When we were housesitting for Michael in Chapel Hill, there was a typically elaborate choreography involving the four animals. The two cats would come down early in the morning demanding, with expectant reproachful looks, to be fed. (That look sends your average abject cat-servant into a frenzy of propitiatory can-opening. Why we can't just say "Oh, go away and come back when it suits me" is a mystery.) The dogs would have to be put outside so they wouldn't rush in and scarf down the cat food. They, especially the pug, would start barking (yapping, howling), waking up the whole neighborhood. The cats would not-finish their breakfast at their own leisurely pace, whatever they left for later would have to be lifted up above dog level, and then, while I scrambled to fix the dog food to shut the dogs up, Dick, the deliberate, baleful, asthmatic, diabetic male tabby, having had his meds, would go to the front door and, if you didn't let him out right away, scratch on it loudly till you did. (I must say, though, the dogs made the cats look like oases of cool.)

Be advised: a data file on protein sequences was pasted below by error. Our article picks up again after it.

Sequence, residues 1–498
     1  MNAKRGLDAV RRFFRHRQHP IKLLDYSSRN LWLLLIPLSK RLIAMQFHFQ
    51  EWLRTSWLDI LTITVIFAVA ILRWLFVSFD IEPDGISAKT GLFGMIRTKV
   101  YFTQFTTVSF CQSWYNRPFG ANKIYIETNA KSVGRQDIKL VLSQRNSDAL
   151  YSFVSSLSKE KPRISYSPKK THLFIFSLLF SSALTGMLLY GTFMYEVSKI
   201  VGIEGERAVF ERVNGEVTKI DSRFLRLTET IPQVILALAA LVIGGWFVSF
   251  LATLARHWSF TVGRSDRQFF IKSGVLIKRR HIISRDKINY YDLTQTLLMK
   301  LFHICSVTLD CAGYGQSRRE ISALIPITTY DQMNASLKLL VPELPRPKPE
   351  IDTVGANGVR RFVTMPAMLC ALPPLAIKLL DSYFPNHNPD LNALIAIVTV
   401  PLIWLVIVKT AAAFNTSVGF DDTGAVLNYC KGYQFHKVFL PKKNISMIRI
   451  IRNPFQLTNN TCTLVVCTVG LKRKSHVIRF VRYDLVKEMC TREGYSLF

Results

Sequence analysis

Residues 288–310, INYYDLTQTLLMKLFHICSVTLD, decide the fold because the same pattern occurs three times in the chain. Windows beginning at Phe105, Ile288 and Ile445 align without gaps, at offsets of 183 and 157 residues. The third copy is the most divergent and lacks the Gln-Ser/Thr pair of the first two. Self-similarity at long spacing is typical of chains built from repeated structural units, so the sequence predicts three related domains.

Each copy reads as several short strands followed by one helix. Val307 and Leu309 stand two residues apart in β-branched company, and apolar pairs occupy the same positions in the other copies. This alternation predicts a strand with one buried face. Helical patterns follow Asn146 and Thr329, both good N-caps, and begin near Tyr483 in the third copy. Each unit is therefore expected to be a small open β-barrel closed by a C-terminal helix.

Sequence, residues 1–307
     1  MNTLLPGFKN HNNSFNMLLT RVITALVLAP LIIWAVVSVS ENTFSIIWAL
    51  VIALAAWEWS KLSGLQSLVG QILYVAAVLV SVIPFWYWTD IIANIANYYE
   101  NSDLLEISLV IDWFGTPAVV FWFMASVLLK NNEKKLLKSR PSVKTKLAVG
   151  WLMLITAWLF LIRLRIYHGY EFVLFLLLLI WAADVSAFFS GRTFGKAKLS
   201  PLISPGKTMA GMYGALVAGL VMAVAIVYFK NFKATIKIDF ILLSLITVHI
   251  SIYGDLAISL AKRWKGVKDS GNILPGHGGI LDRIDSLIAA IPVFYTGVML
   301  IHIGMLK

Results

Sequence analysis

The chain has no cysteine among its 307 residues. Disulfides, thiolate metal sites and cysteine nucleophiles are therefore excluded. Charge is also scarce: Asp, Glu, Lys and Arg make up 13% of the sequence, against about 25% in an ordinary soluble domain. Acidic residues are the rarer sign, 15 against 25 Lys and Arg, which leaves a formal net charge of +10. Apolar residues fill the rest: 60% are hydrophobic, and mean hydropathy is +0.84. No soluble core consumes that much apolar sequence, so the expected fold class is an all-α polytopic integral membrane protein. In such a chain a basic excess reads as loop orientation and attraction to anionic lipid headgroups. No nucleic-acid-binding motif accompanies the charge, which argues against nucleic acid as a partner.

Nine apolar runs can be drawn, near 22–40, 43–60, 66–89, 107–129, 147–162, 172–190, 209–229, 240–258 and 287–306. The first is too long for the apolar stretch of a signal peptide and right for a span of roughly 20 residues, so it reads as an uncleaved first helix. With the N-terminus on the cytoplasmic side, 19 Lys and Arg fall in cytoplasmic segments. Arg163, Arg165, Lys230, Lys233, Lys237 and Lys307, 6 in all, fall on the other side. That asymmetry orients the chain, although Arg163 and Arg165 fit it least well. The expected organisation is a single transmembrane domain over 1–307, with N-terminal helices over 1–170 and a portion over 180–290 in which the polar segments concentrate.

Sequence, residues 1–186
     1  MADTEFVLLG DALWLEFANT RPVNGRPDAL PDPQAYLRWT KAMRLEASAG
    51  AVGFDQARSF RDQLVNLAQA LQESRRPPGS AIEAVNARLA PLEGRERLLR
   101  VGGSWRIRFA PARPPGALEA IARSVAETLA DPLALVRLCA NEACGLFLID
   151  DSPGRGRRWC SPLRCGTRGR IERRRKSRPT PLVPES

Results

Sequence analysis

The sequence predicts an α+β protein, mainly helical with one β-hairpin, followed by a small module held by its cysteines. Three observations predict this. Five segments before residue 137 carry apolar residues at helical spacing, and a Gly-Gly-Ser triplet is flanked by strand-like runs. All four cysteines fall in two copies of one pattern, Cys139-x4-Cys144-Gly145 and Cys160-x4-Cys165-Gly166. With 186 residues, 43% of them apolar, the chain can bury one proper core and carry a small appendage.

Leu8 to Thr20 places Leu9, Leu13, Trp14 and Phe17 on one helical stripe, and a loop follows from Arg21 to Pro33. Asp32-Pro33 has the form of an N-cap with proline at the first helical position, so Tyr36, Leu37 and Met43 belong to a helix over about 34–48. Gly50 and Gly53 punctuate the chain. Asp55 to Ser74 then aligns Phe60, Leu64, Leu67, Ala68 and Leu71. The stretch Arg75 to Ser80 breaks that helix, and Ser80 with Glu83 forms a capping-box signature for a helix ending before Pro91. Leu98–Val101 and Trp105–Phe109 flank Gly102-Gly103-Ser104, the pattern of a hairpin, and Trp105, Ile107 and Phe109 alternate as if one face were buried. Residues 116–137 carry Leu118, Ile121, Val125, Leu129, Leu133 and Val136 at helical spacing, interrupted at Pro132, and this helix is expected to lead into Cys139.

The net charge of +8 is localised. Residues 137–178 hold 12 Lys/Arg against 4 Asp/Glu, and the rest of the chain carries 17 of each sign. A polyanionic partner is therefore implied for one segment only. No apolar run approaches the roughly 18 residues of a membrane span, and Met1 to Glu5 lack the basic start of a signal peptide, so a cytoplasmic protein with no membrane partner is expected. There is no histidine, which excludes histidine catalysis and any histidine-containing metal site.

I'll spare you the rest of the circus.
My instructions said Dick was allowed to go outside whenever he wanted, and that I might have to call him in before locking up at night; he'd probably be waiting under the front porch. (Imagine how ridiculous I felt going outside and calling "Dick! Dick!") He spent large portions of the day outside, and I'd often find him lounging on the porch settee when he'd finished his rounds. It got very hot, and one day when we had to drive somewhere, Dick demanded to go out just as we were getting ready to leave. I went, "Don't want him out when we're not here. -- Oh well, why not. We won't be gone long," because he was giving me That Look that cat-servants are post-hypnotically compelled to obey.
Fortunately (Michael will say unfortunately), it occurred to me to look under the car before we drove away. Something triggered a memory that cats often choose to lie under cars to stay cool. Sure enough, there was Dick, reclining in the shade right behind a back wheel. I picked him up and carried him protesting inside, and didn't let him out again when a drive was in the offing.
I wouldn't be telling you this rather pointless story, except that yesterday three photographs arrived in an e-mail from my sister's family, all five of whom just succeeded in climbing Mt. Kilimanjaro. There were two photos of them, bundled and be-goggled and almost unrecognizable, near and at the summit. And then there was this: (Click to enlarge.)